A Reflection on Eating Simply
by Kate Taliaferro
When I first read this recipe, my brain immediately went, “Oh, it’s like polenta.” I’m an Italian girl at heart and I had to check myself before starting in on this dish. I did some research and discovered a few videos which demonstrated the Rwandan method of making the cornmeal component (also called ugali). It’s a slightly different process than making polenta and much quicker. You boil the water and then pour in all of the cornmeal, stirring as you go but not being concerned about trying not to whisking your wrist off to avoid clumpy polenta. Ugali is thick – very thick. I ended up adding approximately an additional cup of water to keep it somewhat moist while cooking, I didn’t want it to burn.
My kids (ages 4, 3 and 1) all enjoyed the ugali, especially because I told them they could eat it with their hands. Based on what I learned prior to making ugali (and throughout the course of our meal), it is a very malleable dish, able to be formed by hand to dip in the main dish like a chip or be used similar to a tortilla. We encouraged the kids cup the ugali in their hands to make “boats” which carried the beans dish for them. They thought it was great!
The beans, onion and tomato can’t get much simpler. I sautéed the onions and tomatoes in just a little olive oil until the onions were translucent. Then added the beans until they were warm. Done and delicious!
This was a quick, easy meal that fed our whole family, plus left overs are waiting in the refrigerator. This meal was also great for us because my youngest has a dairy intolerance. It is so wonderful when I can make a meal that we all can enjoy without needing to create separate plates or meals. Interestingly enough, after she had her fill of the ugali her favorite part was the onions.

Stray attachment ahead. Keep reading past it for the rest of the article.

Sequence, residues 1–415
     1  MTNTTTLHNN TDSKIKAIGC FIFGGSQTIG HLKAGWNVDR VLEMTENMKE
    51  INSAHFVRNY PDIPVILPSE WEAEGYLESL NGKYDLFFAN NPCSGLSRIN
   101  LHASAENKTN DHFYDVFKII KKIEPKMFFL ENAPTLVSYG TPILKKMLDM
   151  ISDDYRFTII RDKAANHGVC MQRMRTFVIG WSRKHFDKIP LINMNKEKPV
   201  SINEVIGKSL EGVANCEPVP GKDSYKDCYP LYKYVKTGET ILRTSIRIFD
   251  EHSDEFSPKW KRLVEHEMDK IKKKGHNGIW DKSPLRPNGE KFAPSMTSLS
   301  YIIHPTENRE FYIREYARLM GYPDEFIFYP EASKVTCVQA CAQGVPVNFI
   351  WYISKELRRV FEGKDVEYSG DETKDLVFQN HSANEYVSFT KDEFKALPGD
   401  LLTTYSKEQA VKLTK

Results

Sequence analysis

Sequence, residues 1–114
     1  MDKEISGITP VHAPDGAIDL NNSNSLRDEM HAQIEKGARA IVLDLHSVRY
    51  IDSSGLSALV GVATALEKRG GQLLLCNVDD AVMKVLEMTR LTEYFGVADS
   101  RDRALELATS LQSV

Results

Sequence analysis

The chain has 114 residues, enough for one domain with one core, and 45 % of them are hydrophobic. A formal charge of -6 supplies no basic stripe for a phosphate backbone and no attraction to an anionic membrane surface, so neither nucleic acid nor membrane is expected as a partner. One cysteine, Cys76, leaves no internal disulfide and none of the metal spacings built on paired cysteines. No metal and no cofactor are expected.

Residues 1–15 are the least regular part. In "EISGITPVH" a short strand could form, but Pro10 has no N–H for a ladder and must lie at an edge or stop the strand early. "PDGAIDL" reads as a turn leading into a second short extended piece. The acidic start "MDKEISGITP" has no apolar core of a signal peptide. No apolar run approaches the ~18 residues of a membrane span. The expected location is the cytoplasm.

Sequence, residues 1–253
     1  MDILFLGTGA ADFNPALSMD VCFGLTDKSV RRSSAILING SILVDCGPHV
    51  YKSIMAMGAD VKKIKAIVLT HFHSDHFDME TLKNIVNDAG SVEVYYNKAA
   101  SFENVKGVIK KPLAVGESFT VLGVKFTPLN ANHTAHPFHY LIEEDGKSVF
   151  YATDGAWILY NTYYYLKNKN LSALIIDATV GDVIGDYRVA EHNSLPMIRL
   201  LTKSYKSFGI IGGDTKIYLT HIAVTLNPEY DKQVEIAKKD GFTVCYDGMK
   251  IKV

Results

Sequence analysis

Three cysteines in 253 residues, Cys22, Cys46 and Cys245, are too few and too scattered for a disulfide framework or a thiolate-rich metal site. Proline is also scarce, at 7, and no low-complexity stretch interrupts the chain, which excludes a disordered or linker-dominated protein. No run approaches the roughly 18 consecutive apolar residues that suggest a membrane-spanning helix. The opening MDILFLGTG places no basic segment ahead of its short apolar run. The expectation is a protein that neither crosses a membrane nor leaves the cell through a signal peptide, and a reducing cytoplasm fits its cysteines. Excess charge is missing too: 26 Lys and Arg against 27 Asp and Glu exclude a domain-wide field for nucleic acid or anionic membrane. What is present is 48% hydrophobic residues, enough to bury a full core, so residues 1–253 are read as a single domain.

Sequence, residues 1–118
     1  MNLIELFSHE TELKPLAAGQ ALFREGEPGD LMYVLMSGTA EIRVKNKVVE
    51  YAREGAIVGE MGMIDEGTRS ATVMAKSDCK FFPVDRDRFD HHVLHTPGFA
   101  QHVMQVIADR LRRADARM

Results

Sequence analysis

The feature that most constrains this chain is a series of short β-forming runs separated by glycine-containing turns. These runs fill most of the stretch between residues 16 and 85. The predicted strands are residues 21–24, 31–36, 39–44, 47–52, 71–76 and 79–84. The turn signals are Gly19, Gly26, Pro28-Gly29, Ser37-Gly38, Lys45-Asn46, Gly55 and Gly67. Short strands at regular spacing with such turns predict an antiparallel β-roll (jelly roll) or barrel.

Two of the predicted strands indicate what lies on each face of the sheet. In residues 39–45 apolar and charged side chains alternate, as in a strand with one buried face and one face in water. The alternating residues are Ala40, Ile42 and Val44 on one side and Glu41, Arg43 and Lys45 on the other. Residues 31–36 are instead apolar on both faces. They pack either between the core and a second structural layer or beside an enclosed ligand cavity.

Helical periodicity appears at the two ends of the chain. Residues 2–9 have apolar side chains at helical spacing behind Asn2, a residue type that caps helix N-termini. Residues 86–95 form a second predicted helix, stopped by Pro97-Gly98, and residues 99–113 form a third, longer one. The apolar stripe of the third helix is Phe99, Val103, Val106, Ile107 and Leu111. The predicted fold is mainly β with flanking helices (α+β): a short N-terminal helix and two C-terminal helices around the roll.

from CRS staff in Rwanda
- 3 ⅓ c cornmeal
- 4 c water
- ½ t salt
- 1 16-oz can of beans
- 1 onion, diced
- 1 tomato, chopped
Boil water in a saucepan, and then stir in cornmeal and salt. Mix for 5‒7 minutes or until the water is absorbed. Add more water as necessary to reach desired consistency. Stir often to prevent burning.
Beans: Sauté the onion and tomato, and add the beans to the vegetables, including some of the bean broth.
About the Author:
Kate Taliaferro is an Air Force wife, mom of 3 under 4. She enjoys homeschooling her two oldest while chasing her early-walking, food-scattering-loving baby. She has a Masters in Religious Education and tries to find God’s presence in all parts of her day, be it cooking, cleaning or just the everyday ordinary. Follow her blog, Daily Graces to join her crazy, adventurous, God-filled family.